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Dynamics of artificial regeneration in gaps within a longleaf pine flatwoods ecosystemAuthor(s): J. L. Gagnon; E. J. Jokela; W. K. Moser; D. A. Huber
Source: Forest Ecology Management. 172(2-3): 133-144.
Publication Series: Scientific Journal (JRNL)
Station: Rocky Mountain Research Station
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DescriptionThe selection silvicultural system has gained popularity as a means for developing and maintaining uneven-aged stand structure in a variety of forest types. Only limited information exists, however, regarding regeneration dynamics and growth of longleaf pine (Pinus palustris Mill.) managed under the group selection silvicultural system in the southeastern USA. A replicated artificial gap study, established in a 65-year-old, second-growth stand in northwest Florida, was used to examine the interactions between site resource availability (light, nutrition, water) and canopy gap position on survival and growth of containerized longleaf pine seedlings over two growing seasons. A gradient in site resource availability was created using fertilizer and hand weeding treatments. Levels of light transmittance (averaged over the growing season) within the gaps varied by location and ranged from 72% near the uncut edge to 96% in the gap center. Seedlings growing in the gap center had significantly lower survival rates (e.g., 1999, center=23%, edge=51%), but larger diameter increments (e.g., 2000, center=3.6 mm, edge=1.4 mm) than those found in lower light environments along the gap edge. Soil moisture content had little apparent impact on these differences in survival and growth, as surface (0–15 cm) moisture contents did not vary significantly among gap positions in either growing season. Although seedling survival was significantly reduced by the fertilizer and hand weeding (control=41%, treated=31%), diameter increment was 44% greater than the untreated control. Results of this study suggest that a group selection silvicultural system that provides sufficient light and relief from competition (for nutrients) for seedlings may be a suitable silvicultural method for effectively regenerating longleaf pine forests.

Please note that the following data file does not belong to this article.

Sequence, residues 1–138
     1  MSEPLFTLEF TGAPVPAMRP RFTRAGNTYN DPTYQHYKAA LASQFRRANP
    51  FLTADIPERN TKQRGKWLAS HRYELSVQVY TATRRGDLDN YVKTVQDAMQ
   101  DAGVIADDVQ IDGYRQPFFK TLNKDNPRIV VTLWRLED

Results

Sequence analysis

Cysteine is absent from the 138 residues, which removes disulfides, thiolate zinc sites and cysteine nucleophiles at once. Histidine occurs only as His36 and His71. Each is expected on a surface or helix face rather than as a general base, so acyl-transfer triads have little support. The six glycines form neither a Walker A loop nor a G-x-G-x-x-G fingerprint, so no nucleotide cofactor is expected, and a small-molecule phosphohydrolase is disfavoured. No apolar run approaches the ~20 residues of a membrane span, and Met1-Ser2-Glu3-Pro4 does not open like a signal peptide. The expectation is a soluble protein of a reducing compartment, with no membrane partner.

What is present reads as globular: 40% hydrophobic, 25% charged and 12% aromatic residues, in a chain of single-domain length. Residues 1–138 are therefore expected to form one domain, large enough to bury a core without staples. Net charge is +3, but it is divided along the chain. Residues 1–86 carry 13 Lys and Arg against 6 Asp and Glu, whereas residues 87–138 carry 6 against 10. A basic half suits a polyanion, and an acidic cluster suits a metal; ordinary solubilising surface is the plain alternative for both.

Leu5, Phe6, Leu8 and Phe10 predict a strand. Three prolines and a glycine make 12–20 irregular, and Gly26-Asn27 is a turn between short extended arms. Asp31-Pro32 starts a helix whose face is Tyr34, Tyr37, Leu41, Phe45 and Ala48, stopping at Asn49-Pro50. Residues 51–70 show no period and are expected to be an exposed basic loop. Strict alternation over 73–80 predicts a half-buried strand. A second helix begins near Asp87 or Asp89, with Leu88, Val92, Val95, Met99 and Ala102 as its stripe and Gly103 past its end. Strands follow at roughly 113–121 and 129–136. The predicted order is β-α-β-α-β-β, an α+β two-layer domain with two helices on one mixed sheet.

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CitationGagnon, J. L.; Jokela, E. J.; Moser, W. K.; Huber, D. A. 2003. Dynamics of artificial regeneration in gaps within a longleaf pine flatwoods ecosystem. Forest Ecology Management. 172(2-3): 133-144.
Keywordscompetition control, light interception, fertilization, group selection silvicultural system
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